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20 Best Rice Substitutes & Easy Alternatives

In a world full of carb-heavy recipes, sometimes you just need a few rice substitutes to lighten up your meals.

Luckily, I’ve found quite a few!

20 Best Rice Substitutes & Easy Alternatives

Whether you’re swapping out rice for health reasons or just as a personal preference, you’ll be happy to know there are a lot of options.

From very low-carb and low-calorie veggies to high-carb or protein-packed grains, you’re sure to find an alternative to rice you love. 

I happen to love cauliflower rice but have been a little obsessed with bright green broccoli rice recently!

Try these rice substitutes today, and let me know which you prefer.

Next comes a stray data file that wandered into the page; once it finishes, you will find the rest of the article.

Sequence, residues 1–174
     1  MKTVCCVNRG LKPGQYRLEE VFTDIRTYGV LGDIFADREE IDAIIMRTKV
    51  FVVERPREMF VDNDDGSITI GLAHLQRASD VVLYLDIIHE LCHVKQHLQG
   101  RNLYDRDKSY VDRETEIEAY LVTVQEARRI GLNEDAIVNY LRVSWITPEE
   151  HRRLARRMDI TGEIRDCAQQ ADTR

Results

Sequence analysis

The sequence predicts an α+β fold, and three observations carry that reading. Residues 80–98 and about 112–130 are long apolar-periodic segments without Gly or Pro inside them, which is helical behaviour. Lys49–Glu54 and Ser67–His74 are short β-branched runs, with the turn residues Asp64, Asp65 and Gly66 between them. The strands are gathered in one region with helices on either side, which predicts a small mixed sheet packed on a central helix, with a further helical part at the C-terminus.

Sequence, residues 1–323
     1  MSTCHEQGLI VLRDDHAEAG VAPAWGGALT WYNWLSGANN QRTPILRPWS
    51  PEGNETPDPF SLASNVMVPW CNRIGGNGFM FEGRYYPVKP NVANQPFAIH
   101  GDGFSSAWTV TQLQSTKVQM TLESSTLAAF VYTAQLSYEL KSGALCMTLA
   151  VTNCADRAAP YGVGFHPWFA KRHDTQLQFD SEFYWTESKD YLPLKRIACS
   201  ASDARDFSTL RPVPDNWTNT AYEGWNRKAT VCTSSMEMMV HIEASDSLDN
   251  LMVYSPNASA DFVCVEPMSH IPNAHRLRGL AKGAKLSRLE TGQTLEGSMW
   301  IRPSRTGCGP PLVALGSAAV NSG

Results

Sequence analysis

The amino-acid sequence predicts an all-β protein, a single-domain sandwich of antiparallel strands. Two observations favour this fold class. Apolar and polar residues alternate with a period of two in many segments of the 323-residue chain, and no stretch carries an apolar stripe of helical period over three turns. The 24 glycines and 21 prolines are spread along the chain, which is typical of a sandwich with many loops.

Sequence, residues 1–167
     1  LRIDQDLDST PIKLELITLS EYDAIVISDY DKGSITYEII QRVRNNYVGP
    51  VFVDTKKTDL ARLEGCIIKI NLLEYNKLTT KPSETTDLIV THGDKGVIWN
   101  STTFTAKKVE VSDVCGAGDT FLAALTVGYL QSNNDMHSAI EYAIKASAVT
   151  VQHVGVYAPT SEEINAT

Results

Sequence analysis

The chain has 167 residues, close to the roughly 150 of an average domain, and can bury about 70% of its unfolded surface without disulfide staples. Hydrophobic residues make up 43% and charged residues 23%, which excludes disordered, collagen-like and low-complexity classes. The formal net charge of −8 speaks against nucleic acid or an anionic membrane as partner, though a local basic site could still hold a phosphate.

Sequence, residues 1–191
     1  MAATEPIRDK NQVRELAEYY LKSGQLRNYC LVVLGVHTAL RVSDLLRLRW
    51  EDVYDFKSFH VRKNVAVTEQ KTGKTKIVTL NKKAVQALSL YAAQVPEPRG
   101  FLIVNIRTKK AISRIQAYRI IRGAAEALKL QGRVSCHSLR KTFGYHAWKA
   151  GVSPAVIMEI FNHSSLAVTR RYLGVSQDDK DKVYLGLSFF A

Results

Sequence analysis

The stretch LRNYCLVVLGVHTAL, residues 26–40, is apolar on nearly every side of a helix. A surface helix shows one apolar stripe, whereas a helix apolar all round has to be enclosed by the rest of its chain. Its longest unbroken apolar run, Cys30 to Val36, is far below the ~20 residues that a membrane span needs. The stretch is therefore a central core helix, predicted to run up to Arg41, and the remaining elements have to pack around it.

20 Healthy Alternatives to Rice

Quinoa in a Wooden Bowl

1. Quinoa

Quinoa is a protein-rich grain that’s often used as a rice substitute.

It’s loaded with fiber, protein, and minerals, and it cooks in about 15-20 minutes – just like rice.

It’s also gluten-free and soaks up flavor like a dream. That means you can stock or seasonings to make it extra tasty.

The texture is different, though. It’s a much smaller grain, so it’s more like couscous than rice.

Still, it’s cheap, easy to cook, and ideal with everything from tacos to curry.

Riced Cauliflower in a bowl

2. Riced Cauliflower

Riced cauliflower is a very popular rice substitute because it’s low carb and low in calories.

Also known as cauliflower rice, it’s essentially blitzed cauliflower that’s been cooked until tender.

It’s easiest to do in a food processor, though be sure you only “pulse” the florets. You want it chopped, not blended.

You can also grate the cauliflower, but that’ll take much longer.

Either way, it makes a fantastic substitute.

However, it doesn’t get soft and fluffy like rice. Instead, it’ll still have a slight bite whether it’s steamed, sautéd, or even microwaved.

And it doesn’t soak in flavor in the same way. So I like to add extra seasonings to make it tasty.